ALP in Planorbis and Physa, respectively in most samples collected from Nasayma site in Lake Manzala. Most of snails collected from Port-Said and Dakahlya sites showed significant increase in urea. Results of creatinine in samples from different lake sites showed alteration, ranged between non-significant decrease and increase (Table 1). Significant increase of total protein level was obtained in all field samples while total bilirubin showed the highest levels in physa and planorbis samples collected from Nasayma, Dakahlya and in Biomphalaria samples collected from Matarya, Dakahlya. Also, results showed higher levels of indirect bilirubin than direct. Most snail samples showed approximately normal A/G ratio (Table 2).
Significant alterations in catalase (CAT) level were noticed in all snail samples collected from Lake Manzala as compared with lab bread controls (except in Planorbis collected from Kobry El-Lansh and Biomphalaria from Gammalya and Biomphalaria from Nasayma). The recorded alterations in the snail samples was increased by 18 to 185%, or decreased by -13 to -90% (Table 3).
Glutathione-S-transferase (GST) alteration was demonstrated in all samples includes decrease in activity ranging from -21% to -83% (P<0.001) and increase in activity ranging from 13% to 119%.
The same result was noticed in Gamma-glutamyl transpeptidase (GGT) in snail samples as compared with lab bread controls, some samples showed decrease change activity ranging from -1% to -35% and other samples showed increase change activity ranging from 6% to 666%, (Table 3).
Determination of hemolymph components
The majority of snail samples showed significant decrease in total and differential cell count as compared with lab bread controls (Table 4). The higher percent of decrease in the total cell count (-72%) was recorded in Biomphalaria collected from Nasayma, Dakahlya. Hemoglobin concentration showed alteration; increased to 2.6 g in Planorbis collected from Kobry El-Lansh and decreased to 0.8 g in Physa collected from Annanya, Damietta.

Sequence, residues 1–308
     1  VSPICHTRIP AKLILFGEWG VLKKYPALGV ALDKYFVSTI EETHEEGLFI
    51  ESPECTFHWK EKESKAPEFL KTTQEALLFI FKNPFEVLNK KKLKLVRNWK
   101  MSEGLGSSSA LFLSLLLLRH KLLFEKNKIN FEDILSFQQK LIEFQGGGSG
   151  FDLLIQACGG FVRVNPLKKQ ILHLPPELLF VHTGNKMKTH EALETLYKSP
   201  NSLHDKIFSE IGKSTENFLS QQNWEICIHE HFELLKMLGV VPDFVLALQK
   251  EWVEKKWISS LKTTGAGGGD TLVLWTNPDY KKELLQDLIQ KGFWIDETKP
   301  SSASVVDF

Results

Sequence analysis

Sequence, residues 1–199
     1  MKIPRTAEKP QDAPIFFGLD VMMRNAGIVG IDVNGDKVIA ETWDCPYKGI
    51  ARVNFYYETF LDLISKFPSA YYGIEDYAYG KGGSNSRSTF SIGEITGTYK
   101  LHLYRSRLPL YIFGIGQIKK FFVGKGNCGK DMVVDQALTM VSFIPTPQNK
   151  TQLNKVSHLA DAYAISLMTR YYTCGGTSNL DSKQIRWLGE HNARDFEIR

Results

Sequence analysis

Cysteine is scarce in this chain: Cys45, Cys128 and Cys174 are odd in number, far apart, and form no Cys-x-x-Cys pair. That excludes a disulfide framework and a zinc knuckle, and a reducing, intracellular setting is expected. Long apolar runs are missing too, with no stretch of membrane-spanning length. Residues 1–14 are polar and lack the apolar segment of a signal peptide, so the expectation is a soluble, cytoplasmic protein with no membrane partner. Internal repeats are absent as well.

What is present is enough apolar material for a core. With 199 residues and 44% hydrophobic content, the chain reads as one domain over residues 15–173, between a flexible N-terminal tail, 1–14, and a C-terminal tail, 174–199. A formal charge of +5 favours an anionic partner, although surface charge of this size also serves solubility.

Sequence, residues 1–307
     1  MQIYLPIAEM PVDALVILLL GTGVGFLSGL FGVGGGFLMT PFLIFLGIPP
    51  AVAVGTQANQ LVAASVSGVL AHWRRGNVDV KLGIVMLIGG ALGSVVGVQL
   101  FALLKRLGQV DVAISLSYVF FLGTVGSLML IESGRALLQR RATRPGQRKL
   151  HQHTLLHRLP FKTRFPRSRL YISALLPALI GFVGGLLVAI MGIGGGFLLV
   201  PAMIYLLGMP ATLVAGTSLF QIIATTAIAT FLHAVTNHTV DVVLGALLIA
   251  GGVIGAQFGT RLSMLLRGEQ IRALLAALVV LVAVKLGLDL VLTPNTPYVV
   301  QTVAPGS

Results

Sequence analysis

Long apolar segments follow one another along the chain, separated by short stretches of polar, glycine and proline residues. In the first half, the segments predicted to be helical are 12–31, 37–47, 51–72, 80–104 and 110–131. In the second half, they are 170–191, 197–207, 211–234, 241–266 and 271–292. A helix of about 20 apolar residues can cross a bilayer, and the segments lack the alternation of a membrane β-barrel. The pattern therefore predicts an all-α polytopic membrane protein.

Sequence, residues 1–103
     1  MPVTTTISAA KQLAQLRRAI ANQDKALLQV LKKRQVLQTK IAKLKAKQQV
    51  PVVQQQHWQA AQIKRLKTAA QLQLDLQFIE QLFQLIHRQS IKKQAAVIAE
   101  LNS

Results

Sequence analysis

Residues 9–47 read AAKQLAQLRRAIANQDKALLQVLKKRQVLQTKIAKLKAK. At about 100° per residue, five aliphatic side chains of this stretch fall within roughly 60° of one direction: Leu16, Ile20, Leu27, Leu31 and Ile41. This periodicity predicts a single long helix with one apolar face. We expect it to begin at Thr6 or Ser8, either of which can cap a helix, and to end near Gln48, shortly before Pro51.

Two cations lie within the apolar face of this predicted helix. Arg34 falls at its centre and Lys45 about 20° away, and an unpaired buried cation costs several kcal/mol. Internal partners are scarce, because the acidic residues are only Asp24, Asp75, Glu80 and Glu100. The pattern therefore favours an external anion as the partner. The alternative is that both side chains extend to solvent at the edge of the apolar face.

The histopathological observations
A knowledge of the normal histology and structure of snails is guided by .
Head foot: The normal foot region has an outer cuticular layer as a protective layer of the foot. Inner to this lining there is a tall columnar epithelium with basal nuclei in its cell. Amongst the columnar epithelium there are modified sacs like cells in the form of unicellular glands which open through the cuticular layer exterior to the foot surface. These unicellular glands are involved in mucous secretion. Embedded in between there are transversely muscle fibers, called as longitudinal muscle fibers. Major part of the foot muscles are made up of thickly arranged oblique muscle fibers.
Histopathological observations in foot region of Biomphalaria snail samples showed necrotic change (shrinkage) in the mucous secreting unicellular glands (Figure 1b) and hyaline substances are shown in samples collected from Port Said (Figure 1c) and splitting fiber tissues in Dakahlya and Damietta snails (Figure 1d,1e). Also, results showed oblique splitting muscle fibers, increased empty spaces and atrophy within muscles of snail head in Dakahlya samples (Figure 1f,1g,1h).
Salivary gland: The normal salivary gland of B. alexandrina snail composed of two lobs found in the buccal mass as shown in (Figure 2a).
The histopathological effects of polluted water showed shrinkage and atrophy in the salivary gland of snails collected from Damietta (Figure 2b), focal areas of necrosis (Figure 2c,2d), large fat vacuoles (Figure 2e) and enlargement of the salivary gland (Figure 2f) in snails collected from Port said.
Central ganglia: The central nervous system ganglia are in the form of compact mass of ring surrounding the esophagus of the snail. (Figure 3) showed that all ganglia exhibit presence of enlarged neurosecretory neurons (Figure 3a). Fibrosis (Figure 3b,3c) and degeneration with large vacuoles (Figure 3d) were observed in snail samples collected from Damietta and Dakahlya (Figure 3).
Hepatopancreas: The normal histological structure of Biomphalaria hepatopancreas includes glandular tubules interspersed with connective tissues. The entire gland is enclosed within a thin walled sac called as tunica propria. The hepatopancreatic epithelium is rested on thin basement membrane; at least 3-4 types of cells can be recognized in the hepatopancreatic epithelium of the snail, digestive, calcium and excretory cells (Figure 4a). The histopathological changes showed cellular necrosis followed by loss of secretory activity of the epithelial cells in Port Said samples (Figure 3b). Also, atrophy, degeneration and fat vaculation were noticed in Port Said and Damietta samples (Figure 4c,4d). Dilated lumen and more than two hepatopancreatic tubules connected together with one larger lumen in Dakahlya samples (Figure 4e,4f).
Male organs (Prostate gland): The normal histological structures of the male organs of B alexandrina composed mainly of sperm duct and the prostate tubules (Figure 5a).
The histopathological observations of Port Said samples showed severe dilated sperm duct and prostate tubules, dilated lumen of prostate tubules which filled with hyaline and degeneration wall with necrotic change (Figure 5b,5c). while Dakahlya samples showed enlarged sperm duct, degenerated prostate tubules and clogged sperms.
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The prostate gland in Damietta samples showed severe degeneration and atrophy (Figure 5b,5c).